“a place to turn your life around, to inspire you to keep going and to get you to where you want to be”
“Education is the best!” Excerpts from Winter School students who elected Education.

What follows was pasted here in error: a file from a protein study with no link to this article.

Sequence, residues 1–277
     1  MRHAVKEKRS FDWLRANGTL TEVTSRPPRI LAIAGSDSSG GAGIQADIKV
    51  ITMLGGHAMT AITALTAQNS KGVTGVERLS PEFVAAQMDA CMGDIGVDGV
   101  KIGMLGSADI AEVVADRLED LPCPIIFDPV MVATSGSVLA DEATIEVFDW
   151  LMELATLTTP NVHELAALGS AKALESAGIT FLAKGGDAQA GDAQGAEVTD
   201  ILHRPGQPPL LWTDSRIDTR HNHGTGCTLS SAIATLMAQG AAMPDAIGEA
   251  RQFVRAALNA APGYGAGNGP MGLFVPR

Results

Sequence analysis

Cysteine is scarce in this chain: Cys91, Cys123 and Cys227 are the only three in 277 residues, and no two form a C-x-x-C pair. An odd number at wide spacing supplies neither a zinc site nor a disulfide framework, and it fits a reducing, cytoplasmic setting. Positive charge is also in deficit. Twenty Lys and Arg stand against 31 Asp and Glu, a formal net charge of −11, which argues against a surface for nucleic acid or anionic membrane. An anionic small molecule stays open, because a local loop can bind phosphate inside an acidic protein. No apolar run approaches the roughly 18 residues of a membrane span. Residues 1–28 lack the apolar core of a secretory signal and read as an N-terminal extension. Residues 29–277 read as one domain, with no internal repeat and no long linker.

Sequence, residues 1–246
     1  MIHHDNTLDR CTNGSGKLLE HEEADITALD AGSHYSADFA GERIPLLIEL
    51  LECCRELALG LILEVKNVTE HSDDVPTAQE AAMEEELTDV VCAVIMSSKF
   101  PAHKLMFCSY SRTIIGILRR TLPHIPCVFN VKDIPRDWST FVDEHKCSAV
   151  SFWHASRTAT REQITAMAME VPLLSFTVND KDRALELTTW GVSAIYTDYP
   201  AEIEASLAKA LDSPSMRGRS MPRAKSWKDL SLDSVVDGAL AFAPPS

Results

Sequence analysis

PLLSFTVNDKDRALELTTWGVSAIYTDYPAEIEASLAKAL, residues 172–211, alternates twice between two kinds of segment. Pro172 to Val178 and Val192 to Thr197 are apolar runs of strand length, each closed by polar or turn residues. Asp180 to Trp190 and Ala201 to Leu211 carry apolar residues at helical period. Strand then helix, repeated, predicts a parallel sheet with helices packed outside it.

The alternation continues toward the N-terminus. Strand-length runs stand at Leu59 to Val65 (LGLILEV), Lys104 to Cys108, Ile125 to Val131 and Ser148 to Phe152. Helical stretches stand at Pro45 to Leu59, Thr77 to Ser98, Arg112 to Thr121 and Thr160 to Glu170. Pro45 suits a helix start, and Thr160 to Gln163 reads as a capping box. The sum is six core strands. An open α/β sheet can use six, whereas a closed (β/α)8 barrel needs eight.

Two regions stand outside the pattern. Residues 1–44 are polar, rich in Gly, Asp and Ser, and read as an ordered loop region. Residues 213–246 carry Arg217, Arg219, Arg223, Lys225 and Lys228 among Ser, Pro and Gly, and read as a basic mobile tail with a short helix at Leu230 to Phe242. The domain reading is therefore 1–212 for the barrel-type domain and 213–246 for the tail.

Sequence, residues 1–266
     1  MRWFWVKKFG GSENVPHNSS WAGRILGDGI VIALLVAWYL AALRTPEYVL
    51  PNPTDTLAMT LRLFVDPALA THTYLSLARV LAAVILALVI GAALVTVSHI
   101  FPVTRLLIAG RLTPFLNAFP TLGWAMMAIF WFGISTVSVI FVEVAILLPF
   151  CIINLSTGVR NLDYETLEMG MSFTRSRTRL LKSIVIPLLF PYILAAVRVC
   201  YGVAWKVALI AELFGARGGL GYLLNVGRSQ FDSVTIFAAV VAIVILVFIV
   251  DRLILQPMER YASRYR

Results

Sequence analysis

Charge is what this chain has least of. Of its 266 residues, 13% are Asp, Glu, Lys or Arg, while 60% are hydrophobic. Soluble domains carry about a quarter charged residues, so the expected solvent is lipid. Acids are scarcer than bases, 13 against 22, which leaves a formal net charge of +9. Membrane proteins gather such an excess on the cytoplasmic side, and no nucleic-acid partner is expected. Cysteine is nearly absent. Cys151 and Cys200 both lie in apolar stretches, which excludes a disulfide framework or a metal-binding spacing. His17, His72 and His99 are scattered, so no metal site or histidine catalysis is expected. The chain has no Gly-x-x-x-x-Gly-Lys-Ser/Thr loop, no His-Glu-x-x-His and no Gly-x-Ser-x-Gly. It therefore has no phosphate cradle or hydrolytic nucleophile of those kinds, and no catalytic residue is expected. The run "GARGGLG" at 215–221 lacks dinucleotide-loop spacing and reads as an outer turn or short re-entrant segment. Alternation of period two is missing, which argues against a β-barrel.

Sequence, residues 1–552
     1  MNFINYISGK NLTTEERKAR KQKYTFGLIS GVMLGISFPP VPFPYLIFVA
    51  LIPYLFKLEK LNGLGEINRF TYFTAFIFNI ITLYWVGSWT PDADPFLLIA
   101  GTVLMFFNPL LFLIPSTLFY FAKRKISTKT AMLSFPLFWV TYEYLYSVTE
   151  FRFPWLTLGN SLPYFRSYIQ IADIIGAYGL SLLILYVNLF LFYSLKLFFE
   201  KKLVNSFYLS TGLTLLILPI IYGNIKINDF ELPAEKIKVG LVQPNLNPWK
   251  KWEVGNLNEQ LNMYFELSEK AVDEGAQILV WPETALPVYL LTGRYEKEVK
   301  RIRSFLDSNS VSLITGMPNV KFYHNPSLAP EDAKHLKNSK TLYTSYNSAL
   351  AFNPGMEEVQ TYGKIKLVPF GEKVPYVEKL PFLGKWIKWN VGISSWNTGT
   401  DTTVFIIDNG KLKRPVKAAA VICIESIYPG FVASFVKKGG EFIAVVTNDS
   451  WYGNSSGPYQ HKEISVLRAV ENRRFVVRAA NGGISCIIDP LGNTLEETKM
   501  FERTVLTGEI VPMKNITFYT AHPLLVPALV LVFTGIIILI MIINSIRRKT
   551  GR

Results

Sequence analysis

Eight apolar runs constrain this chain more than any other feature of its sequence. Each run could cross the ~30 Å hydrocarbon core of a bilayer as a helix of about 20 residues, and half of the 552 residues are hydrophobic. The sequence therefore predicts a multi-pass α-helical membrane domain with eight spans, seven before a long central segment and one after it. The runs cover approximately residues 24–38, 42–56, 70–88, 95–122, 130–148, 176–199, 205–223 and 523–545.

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As part of their School of Education experience, the students completed practical activities to examine what an effective teachers is, how different students learn, how to plan an effective lesson and explored the use of technologies as a resource to support effective teaching. The students explored Prezi Tagzedo, Wordl, Bubbl.us, Popplet, YouTube, Edmodo and more. The students were inspired by the teaching stories of Peter Holcome and Lizzy Mayers, Indigenous Teachers, currently teaching English and History in Sydney schools, who also provided information on scholarships and sources of support for Indigenous students. We are proud to host the educational component of the UNSW Winter School for Indigenous students organised by Nura Gili. This year, twelve high school students from New South Wales and Queensland spent a week learning about life at University and what it would be like to study Education and become a teacher. Special thanks go to Sean Westbury, an Indigenous student studying medicine at UNSW and Lizzy Mayers, who were the Nura Gili appointed supervisors of the group for the week. A welcome addition to the program this year was the UNSW fourth Year Education Student Mentors, who volunteered their time, provided information on what it is like to study Education at University and ran a series of workshops on what effective teachers do. Thank you to: Lily, Mira, Amy, Peter, Noura, Alex, Carly, Cecelia, & Shaheena. Thank you to Chris Davison and Terry Cumming who gave very entertaining and enjoyable workshops in their respective areas of expertise, providing a source of inspiration for the students to become teachers. We visited the UNSW Library and had an excursion to the Herbarium and the Botanical Gardens, where we went on an Aboriginal heritage tour guided by Aboriginal Educators Clarence Slockee and Henrietta, who pointed out trees and shrubs significant to Aboriginal people. The visit to the Tiggerâ€™s Honeypot Pre-school enabled the practical experience of working with children and was also a hit. Thanks also go to all the 'behind the scenes' School of Education staff who also helped so ably with preparing the resources to help the event run so smoothly. We all enjoyed working with such a motivated group of young people during the Winter School. Hopefully these aspiring teachers will maintain this enthusiasm and commitment to teaching, and in the next five years or so we will see more Indigenous teachers in schools across Australia. Dr Susen Smith, Adjunct Senior Lecturer in Learning, Teaching & Gifted Education, School of Education, UNSW.